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24 Travel Hacks for Travelling on a Budget

What’s the one excuse most people bring up for not travelling?

That’s right. It’s too expensive.

The thing is, the idea that you need a lot of money to travel is a myth. There are so many ways to save up for travelling and to save while travelling that money does not have to be an issue. Seriously. Do your homework on budget travelling, and get ready for the best trip of your life.

In this post, I’m sharing 19 travel hacks for travelling on a (tight) budget.

Let’s go!

Think ahead

1. Do research

These days, there are so many resources available for travelling. Besides travel agents, there are books, blogs, podcasts, YouTube videos… Pick a platform and learn as much as you can about the places you’d like to visit.

Some of my local travel blogs for travel tips and inspo are Wanderlust Movement, JaredinCPT,  and 9Lives.

2. Talk to frequent travellers

Chances are, you have that one friend who travels on a yearly basis (or more), posting all those wanderlust-inducing photos on Instagram. Or maybe it’s a colleague at work or a relative.

Organise a coffee date with that person and get advice on saving money when travelling. I’m sure you’ll get to hear some great stories, too!

3. Enter travel competitions

If you’re a travel enthusiast like me, you’ve probably noticed the vast amount of travel-related competitions run by magazines, travel agencies, and more.

If you enter every single travel competition you come across, you’re boosting your chances to win. Free island holidays, anyone?

4. Opt for budget flights

Instead of flying with the standard airlines like SAA and British Airways, do proper research and go for the cheaper airlines. If travelling from South Africa to Europe, for example, KLM, Turkish Airlines, Ethiopian Airlines and Qatar Airways are often the cheapest options.

Bonus travel hack: Try to book your flights for Tuesdays. Flights are usually the cheapest on Tuesdays compared to the rest of the week.

5. Use a VPN or a private window

Use a VPN (virtual private network) to find the cheapest deals. Sometimes when you’re searching from a certain location the websites up the prices, because it’s a “rich” city you might be searching from. Pretending that you’re from another country, then, can save you tons of money.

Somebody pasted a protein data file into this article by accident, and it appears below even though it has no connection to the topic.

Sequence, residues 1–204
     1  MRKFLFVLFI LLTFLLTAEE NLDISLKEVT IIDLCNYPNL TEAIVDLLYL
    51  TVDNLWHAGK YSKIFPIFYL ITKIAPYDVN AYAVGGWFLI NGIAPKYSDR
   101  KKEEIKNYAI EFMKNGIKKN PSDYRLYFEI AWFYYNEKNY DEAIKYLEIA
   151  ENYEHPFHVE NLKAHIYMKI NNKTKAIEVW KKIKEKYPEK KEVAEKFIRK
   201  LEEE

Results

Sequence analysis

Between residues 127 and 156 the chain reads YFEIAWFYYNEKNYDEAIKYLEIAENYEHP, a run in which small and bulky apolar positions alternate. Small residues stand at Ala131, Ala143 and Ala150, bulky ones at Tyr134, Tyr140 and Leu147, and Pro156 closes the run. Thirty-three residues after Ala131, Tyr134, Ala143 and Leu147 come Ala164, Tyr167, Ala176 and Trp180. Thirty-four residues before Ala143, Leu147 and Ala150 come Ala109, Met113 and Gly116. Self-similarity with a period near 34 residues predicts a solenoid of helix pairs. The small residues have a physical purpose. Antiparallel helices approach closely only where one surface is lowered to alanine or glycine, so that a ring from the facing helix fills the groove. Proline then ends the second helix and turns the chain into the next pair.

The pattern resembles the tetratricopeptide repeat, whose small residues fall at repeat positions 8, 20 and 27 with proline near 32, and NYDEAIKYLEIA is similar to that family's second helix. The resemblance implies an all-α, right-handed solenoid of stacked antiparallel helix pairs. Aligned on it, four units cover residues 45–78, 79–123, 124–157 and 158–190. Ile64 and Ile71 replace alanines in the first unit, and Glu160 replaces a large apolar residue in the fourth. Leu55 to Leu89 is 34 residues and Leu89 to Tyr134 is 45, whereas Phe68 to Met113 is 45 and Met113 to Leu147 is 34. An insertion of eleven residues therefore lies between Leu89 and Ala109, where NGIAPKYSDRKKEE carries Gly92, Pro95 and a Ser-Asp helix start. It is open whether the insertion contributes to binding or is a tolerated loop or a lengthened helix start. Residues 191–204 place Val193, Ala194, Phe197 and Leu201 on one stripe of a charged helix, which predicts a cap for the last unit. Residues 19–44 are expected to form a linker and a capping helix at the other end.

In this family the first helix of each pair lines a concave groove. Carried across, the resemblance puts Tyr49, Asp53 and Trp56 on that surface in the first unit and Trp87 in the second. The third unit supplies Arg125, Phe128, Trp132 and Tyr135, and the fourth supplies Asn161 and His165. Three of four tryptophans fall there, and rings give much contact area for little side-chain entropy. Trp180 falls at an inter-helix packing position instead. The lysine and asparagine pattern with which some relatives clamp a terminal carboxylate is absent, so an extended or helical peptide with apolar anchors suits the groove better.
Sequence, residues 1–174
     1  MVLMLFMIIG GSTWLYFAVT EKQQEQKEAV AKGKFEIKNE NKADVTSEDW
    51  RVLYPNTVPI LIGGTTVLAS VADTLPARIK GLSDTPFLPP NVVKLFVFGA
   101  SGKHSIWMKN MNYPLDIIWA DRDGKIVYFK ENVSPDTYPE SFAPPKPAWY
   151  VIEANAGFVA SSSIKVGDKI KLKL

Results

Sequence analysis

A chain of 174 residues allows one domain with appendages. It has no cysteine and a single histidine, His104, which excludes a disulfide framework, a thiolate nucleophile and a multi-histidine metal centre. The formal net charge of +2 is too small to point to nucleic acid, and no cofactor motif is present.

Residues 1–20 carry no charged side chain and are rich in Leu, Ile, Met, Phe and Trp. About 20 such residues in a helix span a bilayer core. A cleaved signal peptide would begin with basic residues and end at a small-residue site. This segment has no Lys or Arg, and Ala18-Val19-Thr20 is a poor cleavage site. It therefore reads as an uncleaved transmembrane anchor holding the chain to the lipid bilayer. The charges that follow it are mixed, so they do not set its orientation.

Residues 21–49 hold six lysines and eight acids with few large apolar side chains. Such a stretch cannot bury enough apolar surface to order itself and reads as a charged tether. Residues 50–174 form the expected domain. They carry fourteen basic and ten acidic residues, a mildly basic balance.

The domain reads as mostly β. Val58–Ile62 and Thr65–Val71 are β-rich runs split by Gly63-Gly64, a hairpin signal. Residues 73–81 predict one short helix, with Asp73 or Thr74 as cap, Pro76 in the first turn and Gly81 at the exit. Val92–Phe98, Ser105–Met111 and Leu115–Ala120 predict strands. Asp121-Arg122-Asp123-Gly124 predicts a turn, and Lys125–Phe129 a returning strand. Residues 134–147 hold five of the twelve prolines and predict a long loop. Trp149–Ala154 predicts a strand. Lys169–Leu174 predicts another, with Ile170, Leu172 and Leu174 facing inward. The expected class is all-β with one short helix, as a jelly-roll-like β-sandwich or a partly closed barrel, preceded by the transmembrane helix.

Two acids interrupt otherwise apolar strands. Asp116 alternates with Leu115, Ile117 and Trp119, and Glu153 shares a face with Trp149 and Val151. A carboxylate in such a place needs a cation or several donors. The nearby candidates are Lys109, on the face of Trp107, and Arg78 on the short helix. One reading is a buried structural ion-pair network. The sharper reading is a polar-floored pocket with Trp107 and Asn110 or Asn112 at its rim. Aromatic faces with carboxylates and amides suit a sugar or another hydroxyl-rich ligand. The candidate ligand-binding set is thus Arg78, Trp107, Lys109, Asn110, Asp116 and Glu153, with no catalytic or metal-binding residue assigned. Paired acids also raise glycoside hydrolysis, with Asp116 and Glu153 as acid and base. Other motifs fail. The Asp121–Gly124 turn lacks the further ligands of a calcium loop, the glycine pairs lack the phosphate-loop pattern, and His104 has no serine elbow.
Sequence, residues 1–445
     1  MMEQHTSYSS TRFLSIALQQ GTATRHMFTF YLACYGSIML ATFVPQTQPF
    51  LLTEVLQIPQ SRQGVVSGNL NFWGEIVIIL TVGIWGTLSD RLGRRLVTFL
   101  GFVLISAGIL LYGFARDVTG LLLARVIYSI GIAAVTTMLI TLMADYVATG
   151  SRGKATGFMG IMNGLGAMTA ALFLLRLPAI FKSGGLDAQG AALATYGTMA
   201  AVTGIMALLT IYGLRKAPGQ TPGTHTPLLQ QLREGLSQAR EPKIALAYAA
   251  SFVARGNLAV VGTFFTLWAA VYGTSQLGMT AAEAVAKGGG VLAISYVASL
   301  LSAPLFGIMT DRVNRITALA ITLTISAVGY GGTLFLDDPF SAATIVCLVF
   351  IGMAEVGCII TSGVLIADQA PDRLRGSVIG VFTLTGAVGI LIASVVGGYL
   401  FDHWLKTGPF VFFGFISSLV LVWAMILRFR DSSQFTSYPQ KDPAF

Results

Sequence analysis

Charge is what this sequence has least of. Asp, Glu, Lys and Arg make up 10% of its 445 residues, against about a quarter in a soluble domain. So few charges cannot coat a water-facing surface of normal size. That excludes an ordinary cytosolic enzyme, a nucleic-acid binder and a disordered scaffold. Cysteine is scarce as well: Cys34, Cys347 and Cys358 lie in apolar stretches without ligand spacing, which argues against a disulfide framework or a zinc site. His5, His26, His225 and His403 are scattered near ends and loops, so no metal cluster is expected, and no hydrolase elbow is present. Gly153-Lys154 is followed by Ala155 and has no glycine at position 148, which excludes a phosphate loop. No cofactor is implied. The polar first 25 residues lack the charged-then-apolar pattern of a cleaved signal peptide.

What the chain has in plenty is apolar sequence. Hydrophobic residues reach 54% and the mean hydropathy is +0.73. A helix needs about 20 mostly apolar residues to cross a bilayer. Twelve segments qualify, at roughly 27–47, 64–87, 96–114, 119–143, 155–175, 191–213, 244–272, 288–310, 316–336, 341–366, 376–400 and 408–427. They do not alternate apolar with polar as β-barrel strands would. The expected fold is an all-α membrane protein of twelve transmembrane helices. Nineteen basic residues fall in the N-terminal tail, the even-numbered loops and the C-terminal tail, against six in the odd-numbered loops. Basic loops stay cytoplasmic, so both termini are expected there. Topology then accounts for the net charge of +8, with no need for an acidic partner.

Moreover, use a private/incognito window on your browser to hide your history when researching or booking flights.

Choose cheap destinations

6. Travel to visa-free countries

Travel visas is a significant expense when travelling. But, luckily, there are lots of countries where South Africans can enter without visas.

Here’s a quick list of great visa-free countries for South Africans:

To learn more about some of these countries, I’d definitely recommend Wanderlust Movement’s article: 12 Best Visa-Free Countries For South Africans To Visit In 2018.

Work and travel

7. Au pair

Au pairing is one of the popular choices. Not only do you get free accommodation, but you also get to play with kiddies. If that’s your thing.

8. Work on a ship

There is a wide selection of jobs to choose from on cruise ships: You can work as a chef, steward, beauty therapist, nurse, security guard, fitness instructor, you name it.  You can also work on yachts or fishing vessels.

9. Teach English abroad

There are countless opportunities to teach English overseas. Especially in China, English teachers tend to make big bucks.

With school holidays, you will have plenty of time to travel as well.

Good news: More often than not, you do not even need a tertiary qualification to teach English abroad; a matric certificate (or equivalent) will do.

10. Work on a farm

There are countless opportunities to work on farms abroad, from seasonal to full-time jobs. Some popular countries to find farm work are the US, England, Ireland, Germany, Australia, and New Zealand. 

11. Volunteer

Lots of volunteer opportunities will provide free accommodation and meals. All you’ll have to do is a little bit of work, and then you can spend the rest of the time vacationing.